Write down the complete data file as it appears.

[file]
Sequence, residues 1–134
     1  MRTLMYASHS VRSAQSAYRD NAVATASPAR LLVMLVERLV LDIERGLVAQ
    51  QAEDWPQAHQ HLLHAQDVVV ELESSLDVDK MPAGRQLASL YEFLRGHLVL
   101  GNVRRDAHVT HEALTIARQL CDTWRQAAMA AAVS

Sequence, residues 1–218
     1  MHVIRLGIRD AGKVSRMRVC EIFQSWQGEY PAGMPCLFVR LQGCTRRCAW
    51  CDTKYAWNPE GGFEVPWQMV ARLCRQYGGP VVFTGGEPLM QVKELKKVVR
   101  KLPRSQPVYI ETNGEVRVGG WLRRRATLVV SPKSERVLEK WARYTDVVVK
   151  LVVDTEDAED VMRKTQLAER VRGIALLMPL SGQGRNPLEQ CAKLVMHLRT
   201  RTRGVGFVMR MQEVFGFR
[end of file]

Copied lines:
Sequence, residues 1–134
     1  MRTLMYASHS VRSAQSAYRD NAVATASPAR LLVMLVERLV LDIERGLVAQ
    51  QAEDWPQAHQ HLLHAQDVVV ELESSLDVDK MPAGRQLASL YEFLRGHLVL
   101  GNVRRDAHVT HEALTIARQL CDTWRQAAMA AAVS

Sequence, residues 1–218
     1  MHVIRLGIRD AGKVSRMRVC EIFQSWQGEY PAGMPCLFVR LQGCTRRCAW
    51  CDTKYAWNPE GGFEVPWQMV ARLCRQYGGP VVFTGGEPLM QVKELKKVVR
   101  KLPRSQPVYI ETNGEVRVGG WLRRRATLVV SPKSERVLEK WARYTDVVVK
   151  LVVDTEDAED VMRKTQLAER VRGIALLMPL SGQGRNPLEQ CAKLVMHLRT
   201  RTRGVGFVMR MQEVFGFR